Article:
Yes, the TSA’s $1 Billion Rapiscan Scanners Really Were Completely Worthless
But at least they got to see your grandma naked.
It should be evident enough with our porous Southern Border that the fear hyped from potential terrorist attacks on U.S. soil since 9/11 is more a mechanism of societal control than a real, tangible threat.
But nothing has proven that more than a recent WIRED report into how completely useless those Rapiscan full body scanners the Transportation Security Administration had been using at airports up until last year — you know, the ones that showed off you and your grandmother and children’s private parts in fine detail for all of TSA to see — really are.
We live in a country where we have been force fed the official story that a group of hijackers with box cutters were able to take over airplanes, so we aren’t even allowed to get on one now without taking off our flip flops first because there might be bombs hidden in them. In addition, if we don’t want to get patted down by TSA’s finest, we have to go through radiating full body scanners, you know, just to make sure we aren’t hiding bombs in our underwear either.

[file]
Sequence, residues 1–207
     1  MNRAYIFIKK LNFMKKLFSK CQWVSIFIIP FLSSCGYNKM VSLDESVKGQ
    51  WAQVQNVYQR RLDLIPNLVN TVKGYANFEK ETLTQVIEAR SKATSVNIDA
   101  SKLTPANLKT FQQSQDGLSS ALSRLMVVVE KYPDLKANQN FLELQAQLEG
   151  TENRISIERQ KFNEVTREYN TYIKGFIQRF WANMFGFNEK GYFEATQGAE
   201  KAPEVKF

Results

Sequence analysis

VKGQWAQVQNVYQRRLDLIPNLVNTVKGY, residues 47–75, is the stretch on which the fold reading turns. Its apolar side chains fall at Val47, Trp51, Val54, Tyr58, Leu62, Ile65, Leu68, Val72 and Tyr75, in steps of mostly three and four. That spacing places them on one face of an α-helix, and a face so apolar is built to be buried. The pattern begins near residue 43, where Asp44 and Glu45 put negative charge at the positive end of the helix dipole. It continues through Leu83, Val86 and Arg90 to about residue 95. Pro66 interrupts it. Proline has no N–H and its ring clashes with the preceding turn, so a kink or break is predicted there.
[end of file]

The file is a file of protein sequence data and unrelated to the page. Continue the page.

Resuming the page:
Except those scanners, which were supposed to help protect the American people from rampant terrorists trying to board planes and kill us all everywhere which scanned people for nearly a decade at over 160 airports for a price tag of $1 billion don’t actually work.
You probably remember how blogger Jonathan Corbett published a YouTube video in 2012 that showed the entire world just how easy it was to slip weapons through those scanners and onto airplanes using a few very simple tricks. You may even remember how the TSA flatly denied that this video was accurate.
Well, tech mag WIRED recently reported that a security research team from the University of California at San Diego, the University of Michigan, and Johns Hopkins were able to fool those scanners again…and again…and again, basically rendering them completely useless at their entire reason for existing in the first place.